Wet and dry depositions of aerosols in WRF-Chem are revisited and updated based on recent observational findings. Traditionally, in-cloud scavenging was thought to play a more dominant role in aerosol wet removal than below-cloud scavenging. However, recent field measurements indicated a considerable contribution of below-cloud scavenging of 50%–60% to total wet deposition. In contrast, the simulated contribution of in-cloud scavenging in the previous version of WRF-Chem was too large, exhibiting 88%–95%, likely due to the binary representation of cloud fraction. To reduce the model bias, this study adopts a continuous-type cloud fraction and implements a semi-empirical below-cloud scavenging parameterization. Simulation results with the new scheme show that the contribution of below-cloud (in-cloud) scavenging is increased to 63%–66% (decreased to 34%–37%), well capturing the observational estimates. The magnitude of total wet deposition is increased by 18.2% for SO4, 7.16% for NO3, and 14.8% for NH4, showing better agreements with observations particularly for SO4 and NH4 deposition. The increased wet removal with the new scheme reduces and so better reproduces surface PM2.5 and PM10 concentrations, which is also partly attributed to the increased contribution of below-cloud scavenging. It is found that dry deposition velocity in the previous version was too high for coarse mode particles when friction velocity is large, which underestimates surface PM10 concentration. The updated dry deposition scheme that is constrained by observations effectively improves PM10 performance by reducing the dry deposition velocity for coarse mode particles.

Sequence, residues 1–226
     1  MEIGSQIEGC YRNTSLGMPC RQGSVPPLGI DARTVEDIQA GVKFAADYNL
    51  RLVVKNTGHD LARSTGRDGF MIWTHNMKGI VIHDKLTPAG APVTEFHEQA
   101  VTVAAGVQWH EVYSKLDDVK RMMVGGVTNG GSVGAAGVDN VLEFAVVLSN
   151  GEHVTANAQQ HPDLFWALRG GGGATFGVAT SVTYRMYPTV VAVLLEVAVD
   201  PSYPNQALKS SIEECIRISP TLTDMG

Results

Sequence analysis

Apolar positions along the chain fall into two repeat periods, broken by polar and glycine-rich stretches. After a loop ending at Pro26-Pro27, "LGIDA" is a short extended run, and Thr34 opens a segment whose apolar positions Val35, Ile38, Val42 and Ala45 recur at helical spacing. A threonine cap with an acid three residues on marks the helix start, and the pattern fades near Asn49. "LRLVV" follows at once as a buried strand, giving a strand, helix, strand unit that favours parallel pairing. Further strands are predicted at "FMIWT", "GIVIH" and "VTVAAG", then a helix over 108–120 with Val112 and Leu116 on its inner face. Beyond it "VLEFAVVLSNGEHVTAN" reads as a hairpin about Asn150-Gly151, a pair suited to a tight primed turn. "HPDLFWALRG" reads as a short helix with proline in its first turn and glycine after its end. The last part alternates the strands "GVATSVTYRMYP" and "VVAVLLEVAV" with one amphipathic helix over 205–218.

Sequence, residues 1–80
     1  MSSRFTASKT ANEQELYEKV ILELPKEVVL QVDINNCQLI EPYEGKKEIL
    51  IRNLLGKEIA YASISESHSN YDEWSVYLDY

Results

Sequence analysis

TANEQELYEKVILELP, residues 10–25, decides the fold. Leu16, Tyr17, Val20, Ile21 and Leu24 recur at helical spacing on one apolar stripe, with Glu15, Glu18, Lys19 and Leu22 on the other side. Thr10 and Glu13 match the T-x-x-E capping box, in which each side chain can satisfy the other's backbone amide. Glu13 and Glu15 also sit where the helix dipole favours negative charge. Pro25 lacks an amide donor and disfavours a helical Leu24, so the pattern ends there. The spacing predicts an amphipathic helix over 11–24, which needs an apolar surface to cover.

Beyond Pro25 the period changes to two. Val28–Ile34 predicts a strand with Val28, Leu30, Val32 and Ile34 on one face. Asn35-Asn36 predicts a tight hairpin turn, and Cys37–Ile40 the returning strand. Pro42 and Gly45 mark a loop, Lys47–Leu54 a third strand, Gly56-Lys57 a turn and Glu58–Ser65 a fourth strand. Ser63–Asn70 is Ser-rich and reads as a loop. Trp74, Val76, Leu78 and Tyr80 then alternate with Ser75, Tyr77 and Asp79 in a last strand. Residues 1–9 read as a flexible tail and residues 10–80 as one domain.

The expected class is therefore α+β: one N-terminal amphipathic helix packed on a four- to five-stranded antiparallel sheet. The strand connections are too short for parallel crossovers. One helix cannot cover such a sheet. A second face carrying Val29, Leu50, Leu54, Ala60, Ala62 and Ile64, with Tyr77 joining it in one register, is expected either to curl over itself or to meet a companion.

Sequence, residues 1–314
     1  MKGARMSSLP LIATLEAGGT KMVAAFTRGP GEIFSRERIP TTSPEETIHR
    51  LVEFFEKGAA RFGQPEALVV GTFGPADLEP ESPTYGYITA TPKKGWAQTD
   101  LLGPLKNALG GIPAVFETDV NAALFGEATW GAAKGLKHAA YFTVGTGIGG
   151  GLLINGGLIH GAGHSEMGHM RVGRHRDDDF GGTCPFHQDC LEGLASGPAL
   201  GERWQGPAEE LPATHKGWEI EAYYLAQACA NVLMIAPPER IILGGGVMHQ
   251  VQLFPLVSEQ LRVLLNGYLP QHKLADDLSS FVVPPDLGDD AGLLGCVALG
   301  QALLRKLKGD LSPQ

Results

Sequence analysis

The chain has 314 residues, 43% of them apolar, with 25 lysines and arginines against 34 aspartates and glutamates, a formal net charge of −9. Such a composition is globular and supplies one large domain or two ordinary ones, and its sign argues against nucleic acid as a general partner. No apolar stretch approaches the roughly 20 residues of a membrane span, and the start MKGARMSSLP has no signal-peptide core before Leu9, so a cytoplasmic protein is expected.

|Journal||Journal of Advances in Modeling Earth Systems|
|Publication status||Published - 2022 Apr|
Bibliographical noteFunding Information:
We thank three anonymous reviewers for providing their helpful and valuable comments and suggestions. This study is supported by the Korea Meteorological Administration Research and Development Program under Grant KMI2020‐01413.
© 2022 The Authors. Journal of Advances in Modeling Earth Systems published by Wiley Periodicals LLC on behalf of American Geophysical Union.
All Science Journal Classification (ASJC) codes
- Global and Planetary Change
- Environmental Chemistry
- Earth and Planetary Sciences(all)